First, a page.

I thought it said Sugar and no matter what anybody said I decided that was his name. He’s been called Sugar ever since, even though his chest still says SURGE. Dad always says it’s a really sweet name and then he laughs. He often laughs at his own jokes. Actually he’s usually the only one who does.

When Grandad first got Sugar his eyes flashed and he swung his arms back and forth as he walked. I mean Sugar’s eyes flashed of course. I don’t ever remember Grandad having flashing eyes but come to think of it he does swing his arms when he walks. Grandad said Sugar’s red and gold paint was shiny when he was new and his chest opened to reveal a “laser-cannon”. It was just a little red light really but Grandad always called it a “laser cannon”. He looked after Sugar really well but he played with him a lot.

A drawing of Sugar the robot A drawing of Sugar

By the time I got Sugar he was still in the original box. It was a bit battered and worn but there was a cool picture of him firing his laser as he towered over crowds of fleeing people on the front. I loved that picture.

I would stare at it for ages, imagining Sugar striding across the earth but instead of seeing the people running away from him I thought he was protecting them from some invader you couldn’t see. For me Sugar has always been the hero and not the villain. Dad said we should keep Sugar safe as he’s probably worth some money as a collector’s item. Grandad said that Sugar was a toy and toys were meant to be played with. I agree with Grandad. Besides I don’t know how he could be worth anything now.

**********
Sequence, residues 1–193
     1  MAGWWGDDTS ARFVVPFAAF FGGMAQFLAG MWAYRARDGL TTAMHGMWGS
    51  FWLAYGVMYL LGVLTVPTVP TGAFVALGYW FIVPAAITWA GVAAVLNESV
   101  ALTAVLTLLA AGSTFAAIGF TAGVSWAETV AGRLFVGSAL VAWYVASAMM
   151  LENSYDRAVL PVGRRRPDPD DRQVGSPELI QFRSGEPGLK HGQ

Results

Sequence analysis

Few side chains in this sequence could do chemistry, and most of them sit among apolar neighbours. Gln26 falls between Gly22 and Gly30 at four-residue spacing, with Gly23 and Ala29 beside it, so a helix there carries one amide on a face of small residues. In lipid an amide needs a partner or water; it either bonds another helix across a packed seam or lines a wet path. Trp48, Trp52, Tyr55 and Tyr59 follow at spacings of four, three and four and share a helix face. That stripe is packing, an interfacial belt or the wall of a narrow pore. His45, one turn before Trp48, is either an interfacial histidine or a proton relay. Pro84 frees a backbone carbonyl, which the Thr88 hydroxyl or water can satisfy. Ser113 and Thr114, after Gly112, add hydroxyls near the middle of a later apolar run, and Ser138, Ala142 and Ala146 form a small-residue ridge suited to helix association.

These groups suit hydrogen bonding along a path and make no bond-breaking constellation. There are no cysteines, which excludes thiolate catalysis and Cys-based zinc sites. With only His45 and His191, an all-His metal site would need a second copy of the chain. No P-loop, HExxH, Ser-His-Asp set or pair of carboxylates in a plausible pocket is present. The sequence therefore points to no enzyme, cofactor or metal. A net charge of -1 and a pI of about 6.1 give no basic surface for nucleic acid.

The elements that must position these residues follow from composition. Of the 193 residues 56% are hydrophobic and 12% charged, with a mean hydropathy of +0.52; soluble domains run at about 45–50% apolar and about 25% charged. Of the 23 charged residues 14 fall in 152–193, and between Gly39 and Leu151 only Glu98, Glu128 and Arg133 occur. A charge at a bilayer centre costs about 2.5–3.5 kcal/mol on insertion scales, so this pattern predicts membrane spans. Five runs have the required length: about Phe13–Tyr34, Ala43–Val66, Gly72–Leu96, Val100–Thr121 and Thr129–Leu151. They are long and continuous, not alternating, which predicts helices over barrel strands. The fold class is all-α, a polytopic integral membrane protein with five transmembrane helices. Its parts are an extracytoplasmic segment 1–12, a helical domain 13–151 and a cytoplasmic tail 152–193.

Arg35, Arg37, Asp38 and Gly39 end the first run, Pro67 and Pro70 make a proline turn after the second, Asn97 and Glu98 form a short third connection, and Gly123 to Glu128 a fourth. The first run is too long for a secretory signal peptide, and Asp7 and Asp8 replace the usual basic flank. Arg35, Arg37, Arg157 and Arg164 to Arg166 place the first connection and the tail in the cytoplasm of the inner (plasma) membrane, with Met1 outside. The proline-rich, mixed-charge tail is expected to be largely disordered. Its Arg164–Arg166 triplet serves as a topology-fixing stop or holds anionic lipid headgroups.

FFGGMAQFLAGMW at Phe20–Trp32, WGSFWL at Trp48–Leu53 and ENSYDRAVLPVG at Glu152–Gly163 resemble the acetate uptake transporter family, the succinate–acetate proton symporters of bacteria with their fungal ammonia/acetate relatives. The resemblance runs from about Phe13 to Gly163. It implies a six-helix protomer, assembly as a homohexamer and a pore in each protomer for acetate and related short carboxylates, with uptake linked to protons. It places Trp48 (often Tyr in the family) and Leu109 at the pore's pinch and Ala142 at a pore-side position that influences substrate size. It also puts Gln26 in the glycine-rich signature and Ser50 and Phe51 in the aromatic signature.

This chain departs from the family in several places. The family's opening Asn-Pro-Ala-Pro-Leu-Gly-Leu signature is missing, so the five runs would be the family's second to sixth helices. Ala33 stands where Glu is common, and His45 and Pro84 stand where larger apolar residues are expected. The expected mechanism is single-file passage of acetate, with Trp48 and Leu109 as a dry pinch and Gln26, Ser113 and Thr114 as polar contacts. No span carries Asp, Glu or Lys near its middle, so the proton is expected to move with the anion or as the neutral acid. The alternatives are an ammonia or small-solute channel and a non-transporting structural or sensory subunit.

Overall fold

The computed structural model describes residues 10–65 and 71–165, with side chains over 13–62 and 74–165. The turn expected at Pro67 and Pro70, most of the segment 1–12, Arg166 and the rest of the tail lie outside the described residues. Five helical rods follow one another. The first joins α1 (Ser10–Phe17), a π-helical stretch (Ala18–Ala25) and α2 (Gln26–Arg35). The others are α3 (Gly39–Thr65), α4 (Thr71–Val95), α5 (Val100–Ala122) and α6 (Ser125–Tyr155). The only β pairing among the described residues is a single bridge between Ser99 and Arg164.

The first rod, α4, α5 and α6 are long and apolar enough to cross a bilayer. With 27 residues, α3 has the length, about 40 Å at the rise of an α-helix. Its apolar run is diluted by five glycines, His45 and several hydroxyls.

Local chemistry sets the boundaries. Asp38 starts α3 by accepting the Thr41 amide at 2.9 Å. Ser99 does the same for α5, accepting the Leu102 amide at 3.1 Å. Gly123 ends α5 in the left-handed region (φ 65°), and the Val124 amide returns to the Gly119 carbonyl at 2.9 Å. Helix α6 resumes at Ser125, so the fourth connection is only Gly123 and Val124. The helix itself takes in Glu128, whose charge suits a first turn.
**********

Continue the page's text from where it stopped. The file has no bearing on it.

His paint was peeling and faded when I got him. His eyes never flashed - even with new batteries - and he couldn’t even wobble let alone walk. About the only thing that worked was his chest doors which would pop open if you pulled on them and the cannon would flip out. The light didn’t come on but I didn’t care, I could move his arms and legs and twist his head and that was good enough for me. Ever since I got him Sugar has gone everywhere with me - except to school. I did take him once on one of my first days in reception. Miss Lapsi let me stand at the front and show him to the class. I was very proud of him and everybody thought he was great.